For this month’s Five on Friday, I’ve put together 5 articles about kids’ books and literacy that I found interesting. I hope you do too!
- Why do we read sad books? Are sad books helpful for kids? Author Jo Knowles’ article has a really interesting take on the purpose and value of sad books for kids here.
- Any children’s librarian will tell you the importance of reading to your child. But don’t just take it from us – a recent study found that kids who are read one short book per day start kindergarten knowing 290,000 more words than kids whose parents didn’t read to them. If you increase the number of books to five per day, the difference in vocabulary bumps up to 1.4 million words. Wow! Read more on why you should read to your kids here.
- I remember reading Richard Scarry books when I was a kid, and it makes me smile to see they are still around today. But they’re not the exact same books as they were when I was young, because Scarry has been subtly updating them to better reflect changing values in society. How cool! Check out some of the altered pictures here.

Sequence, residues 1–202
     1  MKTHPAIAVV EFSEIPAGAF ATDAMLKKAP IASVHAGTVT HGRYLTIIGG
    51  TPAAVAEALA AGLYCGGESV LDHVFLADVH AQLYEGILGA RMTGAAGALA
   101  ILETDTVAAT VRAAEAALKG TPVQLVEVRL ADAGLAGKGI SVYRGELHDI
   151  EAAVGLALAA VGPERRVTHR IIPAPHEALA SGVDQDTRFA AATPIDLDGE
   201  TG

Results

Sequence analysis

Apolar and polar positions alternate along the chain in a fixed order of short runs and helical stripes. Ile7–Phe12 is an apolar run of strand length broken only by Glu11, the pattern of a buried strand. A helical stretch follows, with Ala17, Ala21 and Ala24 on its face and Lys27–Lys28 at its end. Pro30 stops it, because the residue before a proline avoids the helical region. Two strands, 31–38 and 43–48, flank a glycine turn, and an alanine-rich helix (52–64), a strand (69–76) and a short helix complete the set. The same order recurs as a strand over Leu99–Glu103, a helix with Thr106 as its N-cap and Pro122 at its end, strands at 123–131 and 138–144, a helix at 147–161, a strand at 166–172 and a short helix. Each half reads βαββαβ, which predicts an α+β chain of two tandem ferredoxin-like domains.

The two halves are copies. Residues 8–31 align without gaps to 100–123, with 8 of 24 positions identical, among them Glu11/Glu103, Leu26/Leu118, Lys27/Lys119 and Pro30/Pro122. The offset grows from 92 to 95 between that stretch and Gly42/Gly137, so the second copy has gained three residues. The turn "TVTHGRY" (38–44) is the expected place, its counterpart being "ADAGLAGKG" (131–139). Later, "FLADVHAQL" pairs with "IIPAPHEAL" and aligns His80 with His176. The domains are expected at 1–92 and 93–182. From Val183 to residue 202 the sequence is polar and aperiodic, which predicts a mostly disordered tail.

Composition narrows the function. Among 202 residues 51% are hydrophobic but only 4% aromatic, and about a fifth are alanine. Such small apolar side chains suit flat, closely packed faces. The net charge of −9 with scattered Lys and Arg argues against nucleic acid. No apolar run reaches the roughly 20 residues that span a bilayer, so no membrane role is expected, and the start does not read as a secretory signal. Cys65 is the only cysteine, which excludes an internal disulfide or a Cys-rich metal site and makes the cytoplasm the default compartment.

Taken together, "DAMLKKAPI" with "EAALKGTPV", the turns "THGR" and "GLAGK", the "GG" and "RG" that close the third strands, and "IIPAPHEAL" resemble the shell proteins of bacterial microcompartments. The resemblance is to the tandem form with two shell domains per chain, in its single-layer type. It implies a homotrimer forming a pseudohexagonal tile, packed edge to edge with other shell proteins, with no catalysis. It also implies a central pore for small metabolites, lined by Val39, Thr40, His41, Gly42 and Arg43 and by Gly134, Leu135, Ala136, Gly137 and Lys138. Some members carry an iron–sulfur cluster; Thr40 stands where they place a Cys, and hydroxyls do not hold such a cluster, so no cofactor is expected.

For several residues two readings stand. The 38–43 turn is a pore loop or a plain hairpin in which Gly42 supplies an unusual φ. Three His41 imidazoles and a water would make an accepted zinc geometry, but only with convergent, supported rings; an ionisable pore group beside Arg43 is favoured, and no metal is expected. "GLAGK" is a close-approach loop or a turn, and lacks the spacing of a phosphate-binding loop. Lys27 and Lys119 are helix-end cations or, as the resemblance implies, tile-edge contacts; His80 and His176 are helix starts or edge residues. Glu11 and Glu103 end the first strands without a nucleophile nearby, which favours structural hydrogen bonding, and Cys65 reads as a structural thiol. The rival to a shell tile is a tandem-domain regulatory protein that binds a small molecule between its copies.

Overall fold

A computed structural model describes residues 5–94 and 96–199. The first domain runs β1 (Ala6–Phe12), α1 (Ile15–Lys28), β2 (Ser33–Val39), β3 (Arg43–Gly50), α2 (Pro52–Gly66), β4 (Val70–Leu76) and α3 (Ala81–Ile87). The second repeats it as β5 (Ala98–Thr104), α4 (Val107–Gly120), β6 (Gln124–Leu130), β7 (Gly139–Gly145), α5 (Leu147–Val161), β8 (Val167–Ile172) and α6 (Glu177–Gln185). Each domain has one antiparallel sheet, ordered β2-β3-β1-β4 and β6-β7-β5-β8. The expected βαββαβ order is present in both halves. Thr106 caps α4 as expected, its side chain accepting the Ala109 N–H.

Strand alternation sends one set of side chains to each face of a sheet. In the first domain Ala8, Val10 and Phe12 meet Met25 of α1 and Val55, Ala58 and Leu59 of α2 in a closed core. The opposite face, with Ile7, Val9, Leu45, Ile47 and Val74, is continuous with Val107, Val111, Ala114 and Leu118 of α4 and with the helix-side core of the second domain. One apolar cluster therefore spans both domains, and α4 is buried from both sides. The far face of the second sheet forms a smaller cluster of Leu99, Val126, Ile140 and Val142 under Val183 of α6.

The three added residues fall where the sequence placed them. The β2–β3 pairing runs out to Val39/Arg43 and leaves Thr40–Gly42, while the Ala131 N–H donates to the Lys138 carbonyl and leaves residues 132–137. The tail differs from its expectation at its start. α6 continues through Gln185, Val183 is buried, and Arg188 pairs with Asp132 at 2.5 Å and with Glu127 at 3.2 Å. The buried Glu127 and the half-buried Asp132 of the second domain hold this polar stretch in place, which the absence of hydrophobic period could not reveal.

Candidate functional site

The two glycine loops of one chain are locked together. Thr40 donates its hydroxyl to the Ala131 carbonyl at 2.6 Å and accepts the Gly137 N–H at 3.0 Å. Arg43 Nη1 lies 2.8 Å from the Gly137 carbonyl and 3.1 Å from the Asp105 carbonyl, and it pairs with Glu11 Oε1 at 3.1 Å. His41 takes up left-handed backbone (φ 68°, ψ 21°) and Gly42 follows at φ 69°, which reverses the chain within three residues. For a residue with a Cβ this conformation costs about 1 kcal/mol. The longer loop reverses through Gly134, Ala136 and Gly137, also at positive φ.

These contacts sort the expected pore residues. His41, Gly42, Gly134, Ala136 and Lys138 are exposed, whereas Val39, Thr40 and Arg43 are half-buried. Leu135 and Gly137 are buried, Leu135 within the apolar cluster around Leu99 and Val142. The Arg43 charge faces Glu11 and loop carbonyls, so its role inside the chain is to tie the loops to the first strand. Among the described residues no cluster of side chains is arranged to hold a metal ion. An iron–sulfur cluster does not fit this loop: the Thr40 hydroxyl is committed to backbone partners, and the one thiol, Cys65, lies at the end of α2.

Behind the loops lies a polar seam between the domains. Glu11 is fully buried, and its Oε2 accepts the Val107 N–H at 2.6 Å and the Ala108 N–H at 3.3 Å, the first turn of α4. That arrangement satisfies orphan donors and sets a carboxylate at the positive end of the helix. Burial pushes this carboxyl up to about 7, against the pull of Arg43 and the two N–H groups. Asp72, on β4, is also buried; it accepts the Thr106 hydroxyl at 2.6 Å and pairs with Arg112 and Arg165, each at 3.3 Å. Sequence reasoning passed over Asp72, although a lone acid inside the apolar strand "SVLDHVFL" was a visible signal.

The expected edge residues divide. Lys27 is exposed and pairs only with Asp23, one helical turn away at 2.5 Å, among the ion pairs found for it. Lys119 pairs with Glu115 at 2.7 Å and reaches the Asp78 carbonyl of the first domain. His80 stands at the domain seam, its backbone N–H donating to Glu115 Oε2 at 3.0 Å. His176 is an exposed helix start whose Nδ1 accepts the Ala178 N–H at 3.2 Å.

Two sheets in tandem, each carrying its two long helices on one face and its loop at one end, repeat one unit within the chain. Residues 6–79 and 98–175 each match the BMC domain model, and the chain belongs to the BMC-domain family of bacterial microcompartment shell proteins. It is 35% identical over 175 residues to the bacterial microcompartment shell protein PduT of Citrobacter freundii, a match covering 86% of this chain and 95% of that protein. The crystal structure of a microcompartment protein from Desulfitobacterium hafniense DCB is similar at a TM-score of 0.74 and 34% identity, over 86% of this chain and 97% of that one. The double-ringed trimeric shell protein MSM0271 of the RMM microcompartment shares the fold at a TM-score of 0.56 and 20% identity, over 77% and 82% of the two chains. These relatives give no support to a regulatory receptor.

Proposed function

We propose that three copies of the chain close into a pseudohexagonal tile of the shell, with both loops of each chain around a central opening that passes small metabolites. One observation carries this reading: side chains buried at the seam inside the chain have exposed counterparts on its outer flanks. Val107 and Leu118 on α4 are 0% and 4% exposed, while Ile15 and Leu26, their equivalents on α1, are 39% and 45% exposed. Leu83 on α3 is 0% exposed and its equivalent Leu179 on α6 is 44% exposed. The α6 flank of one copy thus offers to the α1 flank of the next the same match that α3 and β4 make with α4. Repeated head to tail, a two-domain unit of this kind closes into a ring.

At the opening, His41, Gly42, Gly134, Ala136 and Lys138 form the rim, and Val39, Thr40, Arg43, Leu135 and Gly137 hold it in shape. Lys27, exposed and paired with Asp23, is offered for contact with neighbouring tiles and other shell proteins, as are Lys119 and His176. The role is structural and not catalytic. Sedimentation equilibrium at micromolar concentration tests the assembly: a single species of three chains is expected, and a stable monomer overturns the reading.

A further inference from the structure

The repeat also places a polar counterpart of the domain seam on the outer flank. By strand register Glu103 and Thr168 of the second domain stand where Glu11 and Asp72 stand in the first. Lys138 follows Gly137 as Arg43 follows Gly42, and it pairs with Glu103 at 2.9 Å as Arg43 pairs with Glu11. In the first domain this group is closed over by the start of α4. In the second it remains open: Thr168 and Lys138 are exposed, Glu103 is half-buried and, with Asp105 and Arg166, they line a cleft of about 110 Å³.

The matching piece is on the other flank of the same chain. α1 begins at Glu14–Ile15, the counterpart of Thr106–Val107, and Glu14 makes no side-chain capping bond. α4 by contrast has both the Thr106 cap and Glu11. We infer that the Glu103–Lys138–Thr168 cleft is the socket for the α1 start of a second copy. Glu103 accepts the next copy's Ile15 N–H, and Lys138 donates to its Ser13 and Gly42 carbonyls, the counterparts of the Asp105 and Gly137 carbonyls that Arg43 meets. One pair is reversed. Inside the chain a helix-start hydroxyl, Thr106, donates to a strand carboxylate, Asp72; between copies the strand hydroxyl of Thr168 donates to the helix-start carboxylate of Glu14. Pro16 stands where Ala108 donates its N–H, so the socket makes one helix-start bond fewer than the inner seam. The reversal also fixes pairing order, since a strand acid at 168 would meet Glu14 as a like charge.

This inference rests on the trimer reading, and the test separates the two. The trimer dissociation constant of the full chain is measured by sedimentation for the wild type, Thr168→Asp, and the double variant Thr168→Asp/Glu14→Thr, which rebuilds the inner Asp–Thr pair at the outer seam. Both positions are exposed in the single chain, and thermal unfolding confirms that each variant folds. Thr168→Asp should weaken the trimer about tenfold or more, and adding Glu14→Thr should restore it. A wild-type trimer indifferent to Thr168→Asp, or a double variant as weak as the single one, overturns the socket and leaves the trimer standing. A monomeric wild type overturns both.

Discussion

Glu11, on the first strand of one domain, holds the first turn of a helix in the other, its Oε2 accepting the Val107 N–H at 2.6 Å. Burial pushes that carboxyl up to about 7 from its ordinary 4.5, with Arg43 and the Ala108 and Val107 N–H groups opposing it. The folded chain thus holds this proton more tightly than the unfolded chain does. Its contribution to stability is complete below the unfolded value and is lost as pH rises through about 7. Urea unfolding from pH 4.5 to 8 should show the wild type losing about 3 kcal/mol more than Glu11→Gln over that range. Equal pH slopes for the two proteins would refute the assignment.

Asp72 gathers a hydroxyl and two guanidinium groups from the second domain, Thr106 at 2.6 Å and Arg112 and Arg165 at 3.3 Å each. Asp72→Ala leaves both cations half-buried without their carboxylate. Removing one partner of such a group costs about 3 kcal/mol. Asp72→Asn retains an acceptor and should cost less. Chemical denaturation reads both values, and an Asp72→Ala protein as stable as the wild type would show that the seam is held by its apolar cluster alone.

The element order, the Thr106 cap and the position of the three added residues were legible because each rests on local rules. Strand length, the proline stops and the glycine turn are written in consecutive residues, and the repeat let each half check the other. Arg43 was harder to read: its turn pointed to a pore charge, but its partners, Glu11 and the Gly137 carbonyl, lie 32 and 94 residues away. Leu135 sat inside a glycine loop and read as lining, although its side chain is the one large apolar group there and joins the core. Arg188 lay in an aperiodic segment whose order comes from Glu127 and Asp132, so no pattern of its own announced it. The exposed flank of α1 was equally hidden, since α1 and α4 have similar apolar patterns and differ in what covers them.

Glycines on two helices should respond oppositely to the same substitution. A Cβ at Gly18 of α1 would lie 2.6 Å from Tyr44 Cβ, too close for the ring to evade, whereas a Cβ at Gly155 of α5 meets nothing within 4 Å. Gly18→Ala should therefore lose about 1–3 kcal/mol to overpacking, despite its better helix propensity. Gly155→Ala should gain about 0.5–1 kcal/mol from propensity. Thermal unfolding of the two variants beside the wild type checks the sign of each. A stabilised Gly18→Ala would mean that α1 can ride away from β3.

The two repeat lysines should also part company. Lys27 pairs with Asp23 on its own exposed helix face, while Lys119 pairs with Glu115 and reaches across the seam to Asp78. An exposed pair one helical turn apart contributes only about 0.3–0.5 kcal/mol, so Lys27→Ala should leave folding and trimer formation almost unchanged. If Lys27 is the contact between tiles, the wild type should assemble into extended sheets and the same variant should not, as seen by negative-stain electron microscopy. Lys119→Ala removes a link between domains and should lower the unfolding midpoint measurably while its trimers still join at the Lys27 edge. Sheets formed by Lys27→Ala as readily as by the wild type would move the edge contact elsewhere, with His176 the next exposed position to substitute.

- To celebrate the 100th anniversary of Children’s Book Week, the Library of Congress has put 67 classic children’s books online! Their news release states that “From Humpty Dumpty to Little Red Riding Hood, the books in this collection were published in the United States and England before 1924, are no longer under copyright, and are free to read and share.” So why not head over to the School Library Journal article covering it and check it out?
- Speaking of books I grew up on, Baby-sitters Club was another series I remember enjoying. With Raina Telgemeier’s graphic novel adaptation, they’ve come back into popularity. Riding on the wave of sudden relevance, Elle Fanning and others are recording audiobooks for the entire 131-book series.
And that’s all for this month! Be sure to check back in June, same bat time, same bat channel for the next 5 on Friday.